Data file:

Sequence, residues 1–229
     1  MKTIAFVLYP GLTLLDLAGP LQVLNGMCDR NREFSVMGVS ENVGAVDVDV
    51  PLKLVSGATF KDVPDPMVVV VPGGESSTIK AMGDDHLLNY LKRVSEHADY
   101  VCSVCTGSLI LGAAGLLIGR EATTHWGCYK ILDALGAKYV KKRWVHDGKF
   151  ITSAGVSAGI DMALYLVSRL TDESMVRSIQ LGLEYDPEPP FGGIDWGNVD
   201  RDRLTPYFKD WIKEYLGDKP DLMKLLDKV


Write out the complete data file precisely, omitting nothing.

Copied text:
Sequence, residues 1–229
     1  MKTIAFVLYP GLTLLDLAGP LQVLNGMCDR NREFSVMGVS ENVGAVDVDV
    51  PLKLVSGATF KDVPDPMVVV VPGGESSTIK AMGDDHLLNY LKRVSEHADY
   101  VCSVCTGSLI LGAAGLLIGR EATTHWGCYK ILDALGAKYV KKRWVHDGKF
   151  ITSAGVSAGI DMALYLVSRL TDESMVRSIQ LGLEYDPEPP FGGIDWGNVD
   201  RDRLTPYFKD WIKEYLGDKP DLMKLLDKV